HealthCare Business News had the opportunity to speak with Dr. Roxane Townsend recently.
Townsend, who was named CEO for UAMS in 2012, offered some insight into her career as well as advancements happening in her facility.
HCBN: You have a medical degree and started your career as a registered nurse. How does that help you serve as CEO at UAMS?
You often hear that doctors are not socialized to be team leaders; they are socialized to be gladiators (independent medical judgment). In an academic medical center, doctors have to work hard to be at the top of their field. So I can relate peer-to-peer to get real engagement from physicians and to put them in charge of our clinical improvement. And of course, having been a nurse for nine years, I have perfect experience for establishing credibility with the staff on the floors.
HCBN: How did you transition from nurse to physician to hospital CEO?
My career plan was certainly unplanned. I became a physician because my sister was in medical school while I was a director of nursing. She thought I would be a good doctor. After finishing my residency, I worked as faculty in the internal medicine residency program where I had trained. Our hospital medical director was one of my faculty who decided to move into the CEO role. I jokingly said I'd need to reactivate my nursing license so I could serve as his director of nursing. Next thing I knew, I was interviewing to be his chief operating officer.
HCBN: Tell me about clinical improvement at UAMS.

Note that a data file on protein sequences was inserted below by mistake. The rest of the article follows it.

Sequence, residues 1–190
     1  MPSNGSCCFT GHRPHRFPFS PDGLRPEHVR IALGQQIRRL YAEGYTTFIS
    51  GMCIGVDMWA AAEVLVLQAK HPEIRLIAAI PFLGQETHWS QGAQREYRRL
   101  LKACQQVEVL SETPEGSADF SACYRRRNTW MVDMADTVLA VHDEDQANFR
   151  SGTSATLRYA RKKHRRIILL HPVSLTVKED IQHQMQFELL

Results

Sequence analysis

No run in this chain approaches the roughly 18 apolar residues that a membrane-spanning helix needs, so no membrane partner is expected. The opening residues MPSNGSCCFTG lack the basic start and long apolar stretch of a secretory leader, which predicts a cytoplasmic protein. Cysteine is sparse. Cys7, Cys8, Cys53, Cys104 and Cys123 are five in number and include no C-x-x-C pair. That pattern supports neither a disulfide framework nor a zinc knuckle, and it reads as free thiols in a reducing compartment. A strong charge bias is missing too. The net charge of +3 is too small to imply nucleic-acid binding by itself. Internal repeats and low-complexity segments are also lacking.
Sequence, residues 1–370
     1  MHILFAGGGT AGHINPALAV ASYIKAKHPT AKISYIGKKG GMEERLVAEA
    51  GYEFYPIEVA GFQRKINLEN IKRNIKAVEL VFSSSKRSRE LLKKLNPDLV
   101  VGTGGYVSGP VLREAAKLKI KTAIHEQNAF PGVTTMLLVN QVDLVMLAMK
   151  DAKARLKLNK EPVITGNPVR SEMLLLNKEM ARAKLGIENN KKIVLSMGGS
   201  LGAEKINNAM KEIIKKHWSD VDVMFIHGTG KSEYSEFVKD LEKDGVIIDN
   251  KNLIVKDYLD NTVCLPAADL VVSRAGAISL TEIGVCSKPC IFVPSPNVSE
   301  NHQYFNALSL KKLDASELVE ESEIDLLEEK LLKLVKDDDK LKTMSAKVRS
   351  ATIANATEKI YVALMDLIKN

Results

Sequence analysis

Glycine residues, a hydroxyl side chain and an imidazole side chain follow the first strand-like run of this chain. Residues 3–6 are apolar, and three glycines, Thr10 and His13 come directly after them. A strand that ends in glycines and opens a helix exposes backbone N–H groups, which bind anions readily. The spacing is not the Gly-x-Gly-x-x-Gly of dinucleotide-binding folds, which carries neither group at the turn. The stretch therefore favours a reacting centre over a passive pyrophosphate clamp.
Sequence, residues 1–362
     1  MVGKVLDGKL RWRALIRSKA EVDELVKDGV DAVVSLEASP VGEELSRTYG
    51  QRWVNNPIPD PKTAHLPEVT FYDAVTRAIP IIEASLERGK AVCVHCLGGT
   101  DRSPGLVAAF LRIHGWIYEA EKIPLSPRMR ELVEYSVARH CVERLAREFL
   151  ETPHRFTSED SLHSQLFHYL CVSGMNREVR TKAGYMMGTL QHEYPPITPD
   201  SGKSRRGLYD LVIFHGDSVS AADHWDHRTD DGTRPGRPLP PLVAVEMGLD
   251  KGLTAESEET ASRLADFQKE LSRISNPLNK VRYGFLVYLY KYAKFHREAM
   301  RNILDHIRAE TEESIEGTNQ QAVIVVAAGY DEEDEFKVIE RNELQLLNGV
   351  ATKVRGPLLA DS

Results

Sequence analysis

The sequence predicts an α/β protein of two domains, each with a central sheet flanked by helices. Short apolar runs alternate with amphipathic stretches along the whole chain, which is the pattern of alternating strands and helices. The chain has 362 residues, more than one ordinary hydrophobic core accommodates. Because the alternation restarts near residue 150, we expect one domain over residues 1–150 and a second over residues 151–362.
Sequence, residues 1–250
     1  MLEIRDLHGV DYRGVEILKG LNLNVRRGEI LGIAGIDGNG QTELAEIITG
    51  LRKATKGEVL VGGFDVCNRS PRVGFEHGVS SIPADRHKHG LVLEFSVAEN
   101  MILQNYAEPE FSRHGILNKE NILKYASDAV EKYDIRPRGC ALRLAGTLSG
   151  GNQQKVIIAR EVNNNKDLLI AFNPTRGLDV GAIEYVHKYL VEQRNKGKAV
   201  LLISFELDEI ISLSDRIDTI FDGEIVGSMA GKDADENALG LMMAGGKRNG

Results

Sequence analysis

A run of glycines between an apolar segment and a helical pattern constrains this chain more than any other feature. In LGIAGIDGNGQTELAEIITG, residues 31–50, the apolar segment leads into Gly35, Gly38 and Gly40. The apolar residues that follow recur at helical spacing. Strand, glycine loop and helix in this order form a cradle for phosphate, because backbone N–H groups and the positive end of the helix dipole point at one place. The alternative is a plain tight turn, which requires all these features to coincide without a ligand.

We are working to reduce readmissions after 30 days of discharge (UAMS is one of only a handful of hospitals in Arkansas with three straight years of declining readmission penalties) and reduce length of stay. It's safer patient care when we improve these metrics and it helps to get cost out of the system.
HCBN: What initiatives are currently in progress at UAMS?
The hospital has been on a journey the past three years to create a family-centered care environment. For example, we no longer have visiting hours. We have a family presence policy based on whom the patient tells us they want to see while they are in the hospital. Our nurses round at the bedside in front of the patient and family now, instead of in a back room. So the patient can hear the hand-off from one shift to the other and get an update on their care and progress.
HCBN: What should people know about UAMS?
We have the only Level I Adult Trauma center in the state of Arkansas. UAMS has bolstered our staff of attending trauma surgeons on duty 24 hours a day. We also have recruited fellowship-trained orthopedic surgeons for our trauma program. The hospital and medical staff responds to over 200 adult trauma cases a year.
HCBN: What are your biggest challenges at UAMS?
Arkansas has 210,000 newly insured patients. So we have to budget for the next year as if the legislature is going to make funding available at that level. We spend a lot of time educating the legislature about health care to help them make an informed decision.
We have capacity issues right now. We opened a new patient tower in 2009 and it's 94 percent occupied - some days we've had to hold as many as 14 patients in the ER until a bed opened up.
We also have many transfers from other hospitals who decide a patient would be better off with us, so we work hard to accommodate those patients. Patients don't want to wait, but as a Level I Trauma Center, sometimes an elective surgery patient, for example, may have their case delayed until later in the day if we have an emergency.
HCBN: What else is going well at UAMS?
We knew the newly insured would be looking for doctors. So we have added 10 new primary care doctors and opened new offsite family clinics. We did see a gain in revenue of $10 million from the beginning of our fiscal year in July through September, but we also saw a corresponding increase in expenses related to these higher volumes. We had some increased expense related to electronic medical records, but that also helped us do a better job with charge capture. We are seeing a positive bottom line so far this year.
to view the hospital spotlight pictorial of University of Arkansas for Medical Sciences.